My dear girl,
Some time ago, which feels like ages now, when I wasn't your mother yet but had been wishing to become it for a while, when I still used to write every day, I couldn't figure out how life would be with you. While pregnant, I of course cherished the baby I was carrying inside and the seed of that love that is now ever present and luminous already shined in me/us. I couldn't know how it would be like to have you outside and that's why I planned I would continue to work as much as I had before you. I am amazed now at how wrong and short-sighted I was and it strikes me as impossible that I couldn't see it before. Once you were in this outside world, it didn't take long for me to realize that full-time -or even part-time freelance self-employment (which always means working far more hours than what full-time usually means) was highly incompatible with parenting you in the way I so deeply felt I wanted to.
Due to our household economy and the impossibility of turning down my small projects such as book clubs and classes, I haven't had the chance to stay at home with you full time but nearly 3/4 of it, for which I feel really grateful. Now, I find it impossible to imagine how this could have been otherwise.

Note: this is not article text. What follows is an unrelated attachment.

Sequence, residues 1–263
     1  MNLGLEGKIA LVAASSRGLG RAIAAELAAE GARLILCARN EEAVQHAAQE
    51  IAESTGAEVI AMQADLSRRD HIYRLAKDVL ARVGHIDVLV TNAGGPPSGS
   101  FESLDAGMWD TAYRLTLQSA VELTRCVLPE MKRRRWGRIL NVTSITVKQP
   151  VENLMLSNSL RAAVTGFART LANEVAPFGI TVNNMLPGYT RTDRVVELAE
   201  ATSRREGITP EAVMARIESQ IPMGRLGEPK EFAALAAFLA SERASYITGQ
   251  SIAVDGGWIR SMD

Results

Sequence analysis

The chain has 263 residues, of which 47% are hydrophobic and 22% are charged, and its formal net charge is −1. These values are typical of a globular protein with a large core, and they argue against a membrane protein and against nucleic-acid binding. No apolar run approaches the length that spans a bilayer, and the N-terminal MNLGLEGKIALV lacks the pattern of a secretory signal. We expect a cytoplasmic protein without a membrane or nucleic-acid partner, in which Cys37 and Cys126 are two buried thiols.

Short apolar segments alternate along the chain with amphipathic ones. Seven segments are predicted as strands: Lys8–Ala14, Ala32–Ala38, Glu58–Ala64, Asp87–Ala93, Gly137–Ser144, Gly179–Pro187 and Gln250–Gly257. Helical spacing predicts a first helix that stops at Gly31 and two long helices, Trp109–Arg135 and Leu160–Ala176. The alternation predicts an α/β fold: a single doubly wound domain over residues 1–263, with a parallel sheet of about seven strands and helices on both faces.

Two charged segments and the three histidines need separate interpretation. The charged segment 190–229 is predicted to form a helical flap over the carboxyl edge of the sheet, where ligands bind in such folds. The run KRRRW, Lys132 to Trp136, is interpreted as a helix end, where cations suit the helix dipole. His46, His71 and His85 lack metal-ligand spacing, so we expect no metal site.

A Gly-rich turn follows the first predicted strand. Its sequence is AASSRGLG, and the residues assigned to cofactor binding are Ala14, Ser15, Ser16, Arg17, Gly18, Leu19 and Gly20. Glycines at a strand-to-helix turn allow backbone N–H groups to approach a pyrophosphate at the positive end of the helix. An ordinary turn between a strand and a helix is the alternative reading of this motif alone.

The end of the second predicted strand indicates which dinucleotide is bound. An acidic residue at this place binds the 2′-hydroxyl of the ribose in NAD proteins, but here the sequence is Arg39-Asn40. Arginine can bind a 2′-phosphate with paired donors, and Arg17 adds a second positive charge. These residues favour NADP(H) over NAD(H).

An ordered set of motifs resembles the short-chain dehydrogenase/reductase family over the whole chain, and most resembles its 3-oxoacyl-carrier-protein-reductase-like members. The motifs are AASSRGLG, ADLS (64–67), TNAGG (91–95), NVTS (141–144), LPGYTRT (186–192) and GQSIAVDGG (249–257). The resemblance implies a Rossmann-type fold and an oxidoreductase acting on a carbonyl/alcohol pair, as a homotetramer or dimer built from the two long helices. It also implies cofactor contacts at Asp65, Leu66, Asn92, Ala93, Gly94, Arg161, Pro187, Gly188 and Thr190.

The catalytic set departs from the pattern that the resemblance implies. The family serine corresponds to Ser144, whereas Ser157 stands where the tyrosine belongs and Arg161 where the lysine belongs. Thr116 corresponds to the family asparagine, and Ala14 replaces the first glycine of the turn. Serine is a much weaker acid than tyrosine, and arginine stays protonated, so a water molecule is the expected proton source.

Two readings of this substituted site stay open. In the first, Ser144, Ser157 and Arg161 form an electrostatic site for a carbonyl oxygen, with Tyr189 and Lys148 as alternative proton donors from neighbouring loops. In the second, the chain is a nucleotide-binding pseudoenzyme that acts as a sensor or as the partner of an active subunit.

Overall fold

I cherish every moment we spend together and really empathize with your anxiety when I am about to leave for a class or meeting. Those hours we are apart are not many and never more than 1,75 h in a row. During them it is nearly always your father who stays with you, with very few exceptions when it was your cousin 18 years your senior. And yet, we both feel separation anxiety.
Despite the time when I used to attempt creative writing daily has been gone for a long time, some intimate feeling tells me all this time without setting pen to paper in the mood for writing in a "room of my own" with non-limited time will someday become fruitful, more fruitful maybe than the time I used to spend hours trying and discarding. As every spring, the bloom of almond trees seems to turn on a light for me. Their blossoms whisper the same old song, proof that whatever inspiration is it may wait for the right moment to come. Unlike T.S Eliot, I feel Spring is a season full of hope.